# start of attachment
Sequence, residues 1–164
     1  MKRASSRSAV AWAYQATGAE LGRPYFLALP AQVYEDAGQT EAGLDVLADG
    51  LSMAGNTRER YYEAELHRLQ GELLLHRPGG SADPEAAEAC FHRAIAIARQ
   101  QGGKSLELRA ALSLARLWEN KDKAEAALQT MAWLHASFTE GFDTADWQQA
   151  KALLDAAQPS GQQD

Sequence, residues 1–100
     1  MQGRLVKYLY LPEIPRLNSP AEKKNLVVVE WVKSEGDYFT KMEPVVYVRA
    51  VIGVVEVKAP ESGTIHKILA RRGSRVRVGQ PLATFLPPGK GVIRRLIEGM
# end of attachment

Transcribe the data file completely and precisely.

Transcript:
Sequence, residues 1–164
     1  MKRASSRSAV AWAYQATGAE LGRPYFLALP AQVYEDAGQT EAGLDVLADG
    51  LSMAGNTRER YYEAELHRLQ GELLLHRPGG SADPEAAEAC FHRAIAIARQ
   101  QGGKSLELRA ALSLARLWEN KDKAEAALQT MAWLHASFTE GFDTADWQQA
   151  KALLDAAQPS GQQD

Sequence, residues 1–100
     1  MQGRLVKYLY LPEIPRLNSP AEKKNLVVVE WVKSEGDYFT KMEPVVYVRA
    51  VIGVVEVKAP ESGTIHKILA RRGSRVRVGQ PLATFLPPGK GVIRRLIEGM